# Raspberry Pi 2/3 Navio2 Autopilot
PX4 does not manufacture this (or any) autopilot. Contact the [manufacturer](https://emlid.com/) for hardware support or compliance issues.
PX4 support for this flight controller is [experimental](../flight_controller/autopilot_experimental.md).
Use the Emlid RT Raspbian image for Navio 2 (opens new window). The default image will have most of the setup procedures shown below already done.
Make sure not to upgrade the system (more specifically the kernel). By upgrading, a new kernel can get installed which lacks the necessary HW support (you can check with
ls /sys/class/pwm, the directory should not be empty).
# Setting up Access
The Raspbian image has SSH setup already. Username is "pi" and password is "raspberry". You can connect to your RPi2/3 over a network (Ethernet is set to come up with DHCP by default) and then proceed to configure WiFi access. We assume that the username and password remain at their defaults for the purpose of this guide.
To setup the RPi2/3 to join your local wifi, follow this guide (opens new window).
Find the IP address of your Pi from your network, and then you can proceed to connect to it using SSH.
# Expand the Filesystem
After installing the OS and connecting to it, make sure to expand the Filesystem (opens new window), so there is enough space on the SD Card.
# Disable Navio RGB Overlay
The existing Navio RGB overlay claims GPIOs used by PX4 for RGB Led. Edit
/boot/config.txt by commenting the line enabling the
# Changing Hostnames
To avoid conflicts with any other RPis on the network, we advise you to change the default hostname to something sensible. We used "px4autopilot" for our setup. Connect to the Pi via SSH and follow the below instructions.
Edit the hostname file:
sudo nano /etc/hostname
raspberry to whatever hostname you want (one word with limited characters apply)
Next you need to change the hosts file:
sudo nano /etc/hosts
Change the entry
127.0.1.1 raspberry to
Reboot the Pi after this step is completed to allow it to re-associate with your network.
# Setting up Avahi (Zeroconf)
To make connecting to the Pi easier, we recommend setting up Avahi (Zeroconf) which allows easy access to the Pi from any network by directly specifying its hostname.
sudo apt-get install avahi-daemon sudo insserv avahi-daemon
Next, setup the Avahi configuration file
sudo nano /etc/avahi/services/multiple.service
Add this to the file :
<?xml version="1.0" standalone='no'?> <!DOCTYPE service-group SYSTEM "avahi-service.dtd"> <service-group> <name replace-wildcards="yes">%h</name> <service> <type>_device-info._tcp</type> <port>0</port> <txt-record>model=RackMac</txt-record> </service> <service> <type>_ssh._tcp</type> <port>22</port> </service> </service-group>
Restart the daemon
sudo /etc/init.d/avahi-daemon restart
And that's it. You should be able to access your Pi directly by its hostname from any computer on the network.
You might have to add .local to the hostname to discover it.
# Configuring a SSH Public-Key
In order to allow the PX4 development environment to automatically push executables to your board, you need to configure passwordless access to the RPi. We use the public-key authentication method for this.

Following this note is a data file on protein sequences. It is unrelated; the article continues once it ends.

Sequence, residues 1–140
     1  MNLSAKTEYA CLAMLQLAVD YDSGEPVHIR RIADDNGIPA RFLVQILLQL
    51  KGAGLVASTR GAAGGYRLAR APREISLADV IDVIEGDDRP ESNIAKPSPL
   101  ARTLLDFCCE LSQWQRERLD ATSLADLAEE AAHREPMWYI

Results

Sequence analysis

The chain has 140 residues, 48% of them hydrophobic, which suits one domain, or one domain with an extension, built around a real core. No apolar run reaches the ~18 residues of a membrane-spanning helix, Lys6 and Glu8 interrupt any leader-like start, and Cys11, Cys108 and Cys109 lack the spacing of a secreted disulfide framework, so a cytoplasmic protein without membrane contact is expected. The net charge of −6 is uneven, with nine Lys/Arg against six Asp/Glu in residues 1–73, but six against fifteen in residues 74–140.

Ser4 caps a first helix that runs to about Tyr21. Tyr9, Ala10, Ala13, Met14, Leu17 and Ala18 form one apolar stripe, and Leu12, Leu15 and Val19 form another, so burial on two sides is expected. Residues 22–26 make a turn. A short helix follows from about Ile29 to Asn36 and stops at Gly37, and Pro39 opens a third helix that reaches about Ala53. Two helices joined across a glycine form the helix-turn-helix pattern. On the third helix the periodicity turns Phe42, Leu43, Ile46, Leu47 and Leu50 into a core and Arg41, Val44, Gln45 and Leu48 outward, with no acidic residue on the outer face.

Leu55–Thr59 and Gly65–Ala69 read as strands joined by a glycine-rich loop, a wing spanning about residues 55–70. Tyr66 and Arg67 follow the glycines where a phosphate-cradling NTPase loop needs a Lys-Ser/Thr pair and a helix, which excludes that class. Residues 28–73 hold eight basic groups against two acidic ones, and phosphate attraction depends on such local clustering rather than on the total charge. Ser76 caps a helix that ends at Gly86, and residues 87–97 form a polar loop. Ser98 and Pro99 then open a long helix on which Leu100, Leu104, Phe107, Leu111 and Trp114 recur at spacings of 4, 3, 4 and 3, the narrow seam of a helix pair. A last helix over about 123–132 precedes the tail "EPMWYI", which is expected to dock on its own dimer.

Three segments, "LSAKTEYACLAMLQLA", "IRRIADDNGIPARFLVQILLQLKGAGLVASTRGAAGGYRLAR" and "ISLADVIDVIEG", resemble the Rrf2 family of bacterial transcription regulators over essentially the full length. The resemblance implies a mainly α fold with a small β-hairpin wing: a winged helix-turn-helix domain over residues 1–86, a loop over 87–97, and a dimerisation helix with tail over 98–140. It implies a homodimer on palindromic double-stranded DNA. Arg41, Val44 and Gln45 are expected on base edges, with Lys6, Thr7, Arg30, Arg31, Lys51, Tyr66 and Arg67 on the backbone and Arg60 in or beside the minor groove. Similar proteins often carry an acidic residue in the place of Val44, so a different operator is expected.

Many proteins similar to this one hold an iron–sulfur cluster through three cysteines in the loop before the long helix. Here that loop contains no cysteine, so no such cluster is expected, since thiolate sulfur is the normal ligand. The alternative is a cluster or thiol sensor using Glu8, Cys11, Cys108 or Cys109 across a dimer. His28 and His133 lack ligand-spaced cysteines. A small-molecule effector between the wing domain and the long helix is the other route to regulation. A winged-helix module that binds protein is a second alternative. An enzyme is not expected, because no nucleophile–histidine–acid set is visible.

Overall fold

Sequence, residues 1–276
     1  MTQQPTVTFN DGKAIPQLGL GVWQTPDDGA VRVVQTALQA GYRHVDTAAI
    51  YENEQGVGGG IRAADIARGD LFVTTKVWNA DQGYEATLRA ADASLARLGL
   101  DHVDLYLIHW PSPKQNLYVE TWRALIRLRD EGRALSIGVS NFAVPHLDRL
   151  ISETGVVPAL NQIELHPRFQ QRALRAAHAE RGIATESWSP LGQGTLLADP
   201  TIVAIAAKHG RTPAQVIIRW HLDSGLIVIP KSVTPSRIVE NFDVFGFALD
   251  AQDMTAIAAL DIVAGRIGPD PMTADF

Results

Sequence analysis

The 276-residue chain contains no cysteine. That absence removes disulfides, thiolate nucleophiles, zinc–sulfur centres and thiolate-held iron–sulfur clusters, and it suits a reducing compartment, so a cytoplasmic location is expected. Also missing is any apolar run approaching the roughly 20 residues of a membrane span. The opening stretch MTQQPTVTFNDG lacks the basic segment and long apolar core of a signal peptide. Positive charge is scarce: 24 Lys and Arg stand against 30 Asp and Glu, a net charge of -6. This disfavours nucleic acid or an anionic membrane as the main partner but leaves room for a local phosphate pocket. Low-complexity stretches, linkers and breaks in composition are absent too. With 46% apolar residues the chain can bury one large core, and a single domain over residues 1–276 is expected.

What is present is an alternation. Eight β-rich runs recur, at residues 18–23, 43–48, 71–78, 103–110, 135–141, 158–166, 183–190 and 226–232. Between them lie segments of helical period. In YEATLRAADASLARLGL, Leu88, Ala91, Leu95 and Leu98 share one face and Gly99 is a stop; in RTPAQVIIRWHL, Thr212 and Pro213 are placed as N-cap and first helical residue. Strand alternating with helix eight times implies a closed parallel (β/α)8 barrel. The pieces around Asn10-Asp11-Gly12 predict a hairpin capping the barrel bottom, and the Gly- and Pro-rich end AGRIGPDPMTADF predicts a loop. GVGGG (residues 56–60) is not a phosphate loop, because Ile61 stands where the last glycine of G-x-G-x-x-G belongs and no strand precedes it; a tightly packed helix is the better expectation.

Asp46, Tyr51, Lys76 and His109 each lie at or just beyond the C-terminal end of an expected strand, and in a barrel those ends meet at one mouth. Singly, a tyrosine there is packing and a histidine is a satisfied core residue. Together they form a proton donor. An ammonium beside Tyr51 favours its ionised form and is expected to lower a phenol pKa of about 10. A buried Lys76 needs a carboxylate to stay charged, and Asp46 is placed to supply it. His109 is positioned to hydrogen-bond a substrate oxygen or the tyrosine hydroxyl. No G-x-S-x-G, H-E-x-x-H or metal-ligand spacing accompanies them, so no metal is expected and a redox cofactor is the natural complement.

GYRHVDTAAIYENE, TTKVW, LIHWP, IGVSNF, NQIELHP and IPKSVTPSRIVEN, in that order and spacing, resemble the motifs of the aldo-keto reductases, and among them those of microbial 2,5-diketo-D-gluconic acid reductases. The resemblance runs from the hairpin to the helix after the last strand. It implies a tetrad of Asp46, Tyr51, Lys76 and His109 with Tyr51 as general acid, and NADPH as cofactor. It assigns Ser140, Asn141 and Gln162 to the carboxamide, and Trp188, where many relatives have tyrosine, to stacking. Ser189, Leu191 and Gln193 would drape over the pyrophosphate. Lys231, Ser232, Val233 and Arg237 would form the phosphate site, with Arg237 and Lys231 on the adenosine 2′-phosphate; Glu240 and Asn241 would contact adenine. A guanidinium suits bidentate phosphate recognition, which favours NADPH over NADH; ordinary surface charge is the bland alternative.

To generate new SSH keys enter the following commands (Choose a sensible hostname such as
<YOURNANME>@<YOURDEVICE>. Here we have used
These commands need to be run on the HOST development computer!
ssh-keygen -t rsa -C pi@px4autopilot
Upon entering this command, you'll be asked where to save the key. We suggest you save it in the default location ($HOME/.ssh/id_rsa) by just hitting Enter.
Now you should see the files
id_rsa.pub in your
.ssh directory in your home folder:
ls ~/.ssh authorized_keys id_rsa id_rsa.pub known_hosts
id_rsa file is your private key. Keep this on the development computer. The
id_rsa.pub file is your public key. This is what you put on the targets you want to connect to.
To copy your public key to your Raspberry Pi, use the following command to append the public key to your authorized_keys file on the Pi, sending it over SSH:
cat ~/.ssh/id_rsa.pub | ssh pi@px4autopilot 'cat >> .ssh/authorized_keys'
Note that this time you will have to authenticate with your password ("raspberry" by default).
ssh pi@px4autopilot and you should connect without a password prompt.
If you see a message "
Agent admitted failure to sign using the key." then add your RSA or DSA identities to the authentication agent, ssh-agent and the execute the following command:
If this did not work, delete your keys with
rm ~/.ssh/id* and follow the instructions again.
# Testing file transfer
We use SCP to transfer files from the development computer to the target board over a network (WiFi or Ethernet).
To test your setup, try pushing a file from the development PC to the Pi over the network now. Make sure the Pi has network access, and you can SSH into it.
echo "Hello" > hello.txt scp hello.txt pi@px4autopilot:/home/pi/ rm hello.txt
This should copy over a "hello.txt" file into the home folder of your RPi. Validate that the file was indeed copied, and you can proceed to the next step.
You can run PX4 builds directly on the Pi if you desire. This is the native build. The other option is to run builds on a development computer which cross-compiles for the Pi, and pushes the PX4 executable binary directly to the Pi. This is the cross-compiler build, and the recommended one for developers due to speed of deployment and ease of use.
For cross-compiling setups, you can skip this step.
The steps below will setup the build system on the Pi to that required by PX4. Run these commands on the Pi itself!
sudo apt-get update sudo apt-get install cmake python-empy
Then clone the Firmware directly onto the Pi.
Continue with our standard build system installation.